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Cities in 24 states and Washington D.C. use red light cameras to catch drivers who aren’t practicing defensive driving by running red lights and to decrease accidents. However, as these lights have become more commonplace over the past 15 years, many drivers have become fed up with that flashing light indicating that an expensive ticket is on the way.

The idea behind red light cameras seems great on the surface. The cameras catch violators of the law who often cause harmful accidents and help to deter violators from running red lights to begin with. However, as these cameras have been introduced, additional problems have surfaced causing many to wonder if these cameras are as helpful as proponents claim.


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Accident Increase

While a 2011 study by the Insurance Institute for Highway Safety found red light cameras decreased fatal accidents by 24 percent, a 2005 study by the Federal Highway Administration found an increase in rear-end crashes. Researchers said the increased rear-ends were most likely the result of drivers hitting the breaks at a yellow light to avoid a ticket.

While not completely opposed to using red light cameras, the FHA did recommend trying alternate solutions before employing a camera. According to the administration, increasing yellow light time by one second can cause a 40 percent decrease in crashes at intersections.

Faulty Cameras

Stories have surfaced throughout the U.S. of cameras issuing tickets to drivers who had done nothing wrong. The majority of red light cameras are controlled by private companies who hold a contract with the city. Many of these problems result because of a miscommunication between the city and the company, such as a city switching a red left turn light to a blinking yellow and the cameras not being updated with the change. This happened in Cary, N.C. where at least 31 false violations were issued before the mixup was cleared up.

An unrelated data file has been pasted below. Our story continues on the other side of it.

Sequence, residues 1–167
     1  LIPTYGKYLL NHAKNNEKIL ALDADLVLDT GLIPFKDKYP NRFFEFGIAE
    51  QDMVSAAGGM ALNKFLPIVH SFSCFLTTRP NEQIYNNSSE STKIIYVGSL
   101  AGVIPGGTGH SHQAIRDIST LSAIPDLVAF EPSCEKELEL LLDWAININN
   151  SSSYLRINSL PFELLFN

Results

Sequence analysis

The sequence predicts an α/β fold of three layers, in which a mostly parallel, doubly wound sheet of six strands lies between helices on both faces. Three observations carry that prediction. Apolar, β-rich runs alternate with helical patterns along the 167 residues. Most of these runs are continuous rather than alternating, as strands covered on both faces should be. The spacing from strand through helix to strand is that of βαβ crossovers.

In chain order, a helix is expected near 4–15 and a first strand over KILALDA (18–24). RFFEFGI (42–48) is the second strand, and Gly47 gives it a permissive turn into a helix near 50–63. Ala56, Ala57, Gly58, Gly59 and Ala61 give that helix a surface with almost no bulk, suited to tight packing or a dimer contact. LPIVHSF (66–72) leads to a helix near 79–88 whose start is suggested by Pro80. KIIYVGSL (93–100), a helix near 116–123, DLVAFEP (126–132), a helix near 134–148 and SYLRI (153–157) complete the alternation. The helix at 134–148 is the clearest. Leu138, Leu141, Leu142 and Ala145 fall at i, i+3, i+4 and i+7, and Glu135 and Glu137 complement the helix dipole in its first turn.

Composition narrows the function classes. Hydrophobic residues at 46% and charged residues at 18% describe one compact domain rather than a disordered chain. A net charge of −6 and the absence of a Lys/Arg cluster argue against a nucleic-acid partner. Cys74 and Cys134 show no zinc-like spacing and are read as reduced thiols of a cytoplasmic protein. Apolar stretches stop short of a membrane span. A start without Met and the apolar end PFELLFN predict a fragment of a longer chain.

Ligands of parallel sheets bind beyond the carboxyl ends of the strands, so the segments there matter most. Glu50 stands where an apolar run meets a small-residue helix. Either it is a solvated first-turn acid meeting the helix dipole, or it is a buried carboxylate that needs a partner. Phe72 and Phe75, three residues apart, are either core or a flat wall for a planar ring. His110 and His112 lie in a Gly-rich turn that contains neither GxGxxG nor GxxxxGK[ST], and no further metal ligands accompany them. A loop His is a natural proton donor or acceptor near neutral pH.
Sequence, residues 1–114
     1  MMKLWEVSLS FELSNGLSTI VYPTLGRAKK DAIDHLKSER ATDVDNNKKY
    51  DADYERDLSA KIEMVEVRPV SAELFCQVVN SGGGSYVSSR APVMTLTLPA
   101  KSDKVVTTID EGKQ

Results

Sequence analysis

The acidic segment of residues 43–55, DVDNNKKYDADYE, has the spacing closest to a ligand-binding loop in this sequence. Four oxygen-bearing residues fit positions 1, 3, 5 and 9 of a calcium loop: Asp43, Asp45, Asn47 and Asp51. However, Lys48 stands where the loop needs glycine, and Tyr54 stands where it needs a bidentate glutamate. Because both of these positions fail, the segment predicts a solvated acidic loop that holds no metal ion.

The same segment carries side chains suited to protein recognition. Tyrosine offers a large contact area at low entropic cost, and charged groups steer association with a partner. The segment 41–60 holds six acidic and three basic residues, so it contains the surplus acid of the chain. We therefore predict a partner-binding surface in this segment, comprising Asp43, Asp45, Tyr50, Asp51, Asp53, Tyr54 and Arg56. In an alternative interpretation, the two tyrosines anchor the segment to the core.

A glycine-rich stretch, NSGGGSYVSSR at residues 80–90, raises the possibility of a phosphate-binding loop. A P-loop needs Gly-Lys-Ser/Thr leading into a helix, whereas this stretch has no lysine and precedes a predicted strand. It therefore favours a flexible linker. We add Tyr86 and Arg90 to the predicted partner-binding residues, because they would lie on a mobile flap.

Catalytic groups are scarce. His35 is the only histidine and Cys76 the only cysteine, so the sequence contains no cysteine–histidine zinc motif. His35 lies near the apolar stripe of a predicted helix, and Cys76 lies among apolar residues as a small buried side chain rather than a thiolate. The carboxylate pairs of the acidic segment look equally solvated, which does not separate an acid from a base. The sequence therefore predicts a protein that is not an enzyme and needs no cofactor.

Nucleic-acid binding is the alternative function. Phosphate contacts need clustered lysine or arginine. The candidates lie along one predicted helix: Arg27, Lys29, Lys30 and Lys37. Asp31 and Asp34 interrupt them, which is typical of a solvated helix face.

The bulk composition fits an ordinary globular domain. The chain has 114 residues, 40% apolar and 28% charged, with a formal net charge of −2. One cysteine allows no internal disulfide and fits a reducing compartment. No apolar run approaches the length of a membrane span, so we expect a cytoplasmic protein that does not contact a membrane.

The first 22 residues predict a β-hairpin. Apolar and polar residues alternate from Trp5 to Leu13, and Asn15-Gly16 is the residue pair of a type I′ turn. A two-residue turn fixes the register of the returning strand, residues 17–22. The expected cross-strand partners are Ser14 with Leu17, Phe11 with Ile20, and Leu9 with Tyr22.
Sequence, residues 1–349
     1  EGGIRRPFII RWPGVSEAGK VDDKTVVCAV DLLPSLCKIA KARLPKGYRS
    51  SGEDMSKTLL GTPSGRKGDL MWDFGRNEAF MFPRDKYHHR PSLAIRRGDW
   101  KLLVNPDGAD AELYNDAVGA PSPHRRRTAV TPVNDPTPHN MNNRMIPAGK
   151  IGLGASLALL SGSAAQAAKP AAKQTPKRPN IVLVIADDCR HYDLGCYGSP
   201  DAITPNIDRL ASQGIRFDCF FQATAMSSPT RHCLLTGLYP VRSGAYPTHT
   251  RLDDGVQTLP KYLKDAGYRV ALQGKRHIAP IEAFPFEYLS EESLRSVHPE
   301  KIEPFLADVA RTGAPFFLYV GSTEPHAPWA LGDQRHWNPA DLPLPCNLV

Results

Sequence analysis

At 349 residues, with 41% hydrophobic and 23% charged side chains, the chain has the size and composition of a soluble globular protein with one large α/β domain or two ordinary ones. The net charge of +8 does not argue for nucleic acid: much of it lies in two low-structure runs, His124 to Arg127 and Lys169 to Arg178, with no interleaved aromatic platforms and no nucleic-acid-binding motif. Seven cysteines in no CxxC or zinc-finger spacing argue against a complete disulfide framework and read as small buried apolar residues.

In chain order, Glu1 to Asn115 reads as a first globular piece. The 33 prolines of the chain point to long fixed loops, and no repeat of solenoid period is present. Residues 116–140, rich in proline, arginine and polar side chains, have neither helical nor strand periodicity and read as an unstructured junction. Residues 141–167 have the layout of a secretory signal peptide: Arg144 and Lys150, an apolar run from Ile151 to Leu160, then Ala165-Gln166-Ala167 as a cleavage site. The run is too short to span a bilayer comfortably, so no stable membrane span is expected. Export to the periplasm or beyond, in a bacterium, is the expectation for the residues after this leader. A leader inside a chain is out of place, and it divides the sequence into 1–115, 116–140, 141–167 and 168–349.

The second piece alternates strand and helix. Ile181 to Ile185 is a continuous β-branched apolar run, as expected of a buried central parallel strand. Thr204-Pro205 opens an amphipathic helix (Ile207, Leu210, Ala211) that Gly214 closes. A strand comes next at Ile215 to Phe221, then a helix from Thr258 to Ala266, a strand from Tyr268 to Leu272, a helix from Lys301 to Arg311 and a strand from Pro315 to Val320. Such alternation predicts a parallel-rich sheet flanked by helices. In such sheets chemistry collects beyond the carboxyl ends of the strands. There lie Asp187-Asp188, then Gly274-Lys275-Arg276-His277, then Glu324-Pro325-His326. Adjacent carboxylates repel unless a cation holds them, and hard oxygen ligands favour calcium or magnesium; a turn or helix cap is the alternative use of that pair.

Ulterior Motives

With all of the negative incidents, residents of cities that use red light cameras have been left wondering if the cameras are more about raising money than enforcing the law. Of course, some cities do offer a defensive driving course in lieu of a fine but not all of them. Large cities can make millions off of these cameras, and the private companies that create the cameras often share a large percentage of the profit.

Redflex, one of the biggest red light camera companies, had about 2,000 cameras in operation in 2011, bringing in more than $92 million in revenue. Many residents have been outraged after finding out that their city has decreased yellow light times below recommended limits, most likely to increase the number of tickets and revenue.

Aggressive Lobbying

Like any other government issue, red light cameras are heavily lobbied by both sides of the debate. Sometimes the lobbyists have crossed ethical lines, including representatives of Redflex paying for hotel rooms and entertainment for city officials.

Unconstitutional?

With all of the other concerns aside, some hold out that red light cameras should not be used on a more theoretical level. The constitution defends an individuals right to a fair trial, including the ability to face his or her accuser. How does one take a camera to court? Others feel the cameras are a violation of privacy and could be used by the government to spy on individuals. In either case the controversy is likely to continue as more cities adopt red light cameras and others abandon them as constituents have come to oppose them.

Sladen West is a freelance writer dedicated to helping others stay safe through general auto safety education and a good defensive driving course promotion.